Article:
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Important Asian art with timeline from Shang Dynasty through 20th century to be sold without reserve Oct. 13

Qing Dynasty white jade figure of Buddha, 18th century. Provenance: Collection of Charles George (1898-1983), manager of Sir Victor Sassoon’s empire in China, and Margaret Bond George; thence by descent. Est. $2,000-$2,500

Ming Dynasty yellow-ground, iron-red-decorated enamel dragon jar, Jiajing Mark and Period, 7¼ x 5½ inches. Former Beverly Hills, Calif., private collection, purchased circa 1970s/’80s. Est. $6,000-$8,000

Large Tang Dynasty gilt bronze figure of Guanyin, 19 inches high. Acquired in China sometime between 1910 and 1938/39. Provenance: Collection of Robert and Gloria Edwards, thence by descent. Est. $10,000-$12,000

Offerings include fine porcelain, ceramics, jade, bronzes, scholarly objects and paintings with provenance from old and distinguished private collections

The artworks and antiques chosen for this sale are of utmost quality and impeccable provenance, many of them purchased a century ago in China.”
— Rafael Leite, Rivertown Antiques Auction
HOUSTON, TEXAS, USA, October 12, 2018 / -- Rivertown Antiques & Estate Services, one of the world’s most trusted sources of Asian fine and decorative art, will present a 188-lot auction on Saturday, October 13 featuring rarities whose timeline runs from the Shang Dynasty (2nd millennium BC) through the 20th century. Absentee and Internet live bidding is available through LiveAuctioneers.

The fully curated connoisseur’s selection includes distinguished estate and family items from the United States, Great Britain and Continental Europe. They include the Charles George collection, property from the collections of Mr. and Mrs. Edward Johnson, Samuel E. Wilson, Robert Edwards; and a former Beverly Hills, California, private collection.

No reserve has been placed on any of the lots. “We are absolutely confident that the artworks and antiques chosen for this sale, which are of utmost quality and impeccable provenance, will attract the market prices they deserve,” said Rivertown spokesperson Rafael Leite. “We’re very proud of the selection represented in this sale, which took our expert appraiser many months to authenticate and catalog.”

A star lot among the many bronzes in the sale is a 13th/14th-century silver-inlaid figure of Avalokiteshvara. This remarkable treasure was acquired in China in the 1920s by Samuel E. Wilson (1891-1965), who, at the time was working there as a journalist. Reflecting superlative artistry, it stands 15½ inches high and shows no signs of repair or restoration. The pre-sale estimate is $2,000-$2,500.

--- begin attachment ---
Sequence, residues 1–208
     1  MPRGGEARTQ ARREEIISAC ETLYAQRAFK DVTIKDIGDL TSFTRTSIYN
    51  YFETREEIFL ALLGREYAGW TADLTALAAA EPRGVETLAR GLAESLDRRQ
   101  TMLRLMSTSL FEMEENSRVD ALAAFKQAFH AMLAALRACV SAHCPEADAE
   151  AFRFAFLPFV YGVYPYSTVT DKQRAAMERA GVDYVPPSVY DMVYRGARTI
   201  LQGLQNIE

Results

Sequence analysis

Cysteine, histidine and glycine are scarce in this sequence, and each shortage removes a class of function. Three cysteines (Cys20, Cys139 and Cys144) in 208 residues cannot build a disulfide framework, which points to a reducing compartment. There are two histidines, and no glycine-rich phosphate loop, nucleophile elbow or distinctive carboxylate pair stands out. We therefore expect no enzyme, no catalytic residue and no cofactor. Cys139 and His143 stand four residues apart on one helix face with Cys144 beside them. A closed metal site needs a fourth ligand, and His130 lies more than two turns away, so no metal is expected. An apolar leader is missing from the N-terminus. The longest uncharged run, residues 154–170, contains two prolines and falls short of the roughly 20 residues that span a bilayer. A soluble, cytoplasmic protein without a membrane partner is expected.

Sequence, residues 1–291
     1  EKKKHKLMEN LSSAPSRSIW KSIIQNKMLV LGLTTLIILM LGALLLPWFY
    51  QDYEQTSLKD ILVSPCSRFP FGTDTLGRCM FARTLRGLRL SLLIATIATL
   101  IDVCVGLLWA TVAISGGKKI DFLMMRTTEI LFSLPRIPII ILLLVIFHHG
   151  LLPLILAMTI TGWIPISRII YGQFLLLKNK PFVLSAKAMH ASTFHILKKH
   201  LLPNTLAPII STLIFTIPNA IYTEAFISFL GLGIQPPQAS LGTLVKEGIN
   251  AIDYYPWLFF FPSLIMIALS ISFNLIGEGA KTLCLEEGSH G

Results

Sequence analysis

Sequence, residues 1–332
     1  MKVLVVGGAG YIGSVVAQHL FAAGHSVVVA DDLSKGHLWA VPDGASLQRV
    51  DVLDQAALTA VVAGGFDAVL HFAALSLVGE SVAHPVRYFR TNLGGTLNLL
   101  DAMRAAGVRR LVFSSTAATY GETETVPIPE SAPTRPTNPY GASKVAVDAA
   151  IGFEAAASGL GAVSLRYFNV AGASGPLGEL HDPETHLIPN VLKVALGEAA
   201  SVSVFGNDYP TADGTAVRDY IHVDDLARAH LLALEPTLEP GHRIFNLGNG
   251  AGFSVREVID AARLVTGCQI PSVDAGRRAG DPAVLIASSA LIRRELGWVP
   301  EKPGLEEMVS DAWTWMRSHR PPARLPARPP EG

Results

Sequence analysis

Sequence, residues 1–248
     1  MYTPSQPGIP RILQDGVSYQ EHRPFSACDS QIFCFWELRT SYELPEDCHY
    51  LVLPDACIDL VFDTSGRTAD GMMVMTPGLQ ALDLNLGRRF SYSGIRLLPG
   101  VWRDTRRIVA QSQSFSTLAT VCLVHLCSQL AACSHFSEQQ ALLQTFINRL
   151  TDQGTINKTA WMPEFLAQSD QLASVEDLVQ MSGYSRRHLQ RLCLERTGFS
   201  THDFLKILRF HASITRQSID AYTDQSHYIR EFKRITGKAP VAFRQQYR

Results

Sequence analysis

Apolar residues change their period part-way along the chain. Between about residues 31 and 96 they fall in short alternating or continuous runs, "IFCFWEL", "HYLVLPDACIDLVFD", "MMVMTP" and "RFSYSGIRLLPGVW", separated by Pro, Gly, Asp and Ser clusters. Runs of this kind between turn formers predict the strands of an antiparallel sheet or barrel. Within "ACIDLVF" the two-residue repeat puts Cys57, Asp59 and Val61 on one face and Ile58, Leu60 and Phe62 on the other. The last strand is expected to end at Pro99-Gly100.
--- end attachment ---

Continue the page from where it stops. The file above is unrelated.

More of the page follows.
Another top prize from the Wilson collection is a Western Zhou Dynasty bronze yu, or ritual vessel, with an intriguing design that blends perfect symmetry with time-honored craftsmanship. There are no repairs, and its unrestored beauty is enhanced by natural verdigris. Estimate: $6,000-$8,000. A second ritual food vessel from the Wilson collection is known as a “ding.” This ancient bronze dates to the Shang Dynasty (circa 1600-1046 BC) and is expected to make $4,000-$5,000 at auction.

Standing 19 inches tall, a Tang Dynasty gilt bronze figure of Guanyin was previously held in the collection of Robert Edwards (1883-1979) and his wife Gloria (1886-1960). Mr. Edwards arrived in Shanghai in 1910 to work for Jardine, Matheson & Co. The couple, who married in 1917, collected Chinese antiques until they return to Britain in 1938/’39. The Guanyin figure passed by descent through the Edwards family and will be offered at auction with a $10,000-$12,000 estimate. Also carrying provenance from the Edwards collection is a 9¾-inch Song Dynasty Qingbai Boys Meiping vase with stand, estimated at $4,000-$5,000.

An exceptional example of Ming Dynasty ceramic artistry, a 7¼-inch enameled dragon jar is richly decorated in iron red on a yellow ground and bears the Jiajing Mark and Period. The vessel was previously held in the Beverly Hills, California collection of a connoisseur who regularly purchased Asian antiques from London and New York dealers during the 1970s and ’80s. A stunning example, is estimated at $6,000-$8,000.

Yet another flawless ceramic, a 9¼-inch Qing Dynasty yellow glazed vase with Kangxi Mark and Period, has provenance from the collection of Mr. and Mrs. Edward Johnson. A career diplomat, Mr. Johnson (1881-1950) spent 20 years in China during the early 20th century. It was there that he and his wife acquired highly important pieces of a type so seldom available to collectors today. The vase is estimated at $6,000-$8,000.

An elite selection of paintings is led by a Fu Bao Shi (Chinese, 1904-1965) ink-and-color work on paper. It is mounted and measures 12 x 8¾ inches (sight). Its owner acquired the work in New York in September 1982, and it comes to auction with a $10,000-$12,000 estimate. A second art highlight is a Zhao Shao Ang (Chinese, 1905-1998) album containing 10 paintings, each sized 14¾ x 11¾ inches. In fine condition, the album was purchased by the consignor’s father in the 1980s, directly from the artist’s family in Hong Kong. Estimate: $4,000-$5,000

Rivertown Antiques & Estate Services’ Saturday, Oct. 13, 2018 no-reserve auction will begin at 9 a.m. Eastern Time, with absentee and Internet live bidding through LiveAuctioneers. For additional information on any lot in the sale, please call 844-273-9740; email

Rafael Leite
Rivertown Antiques Auction
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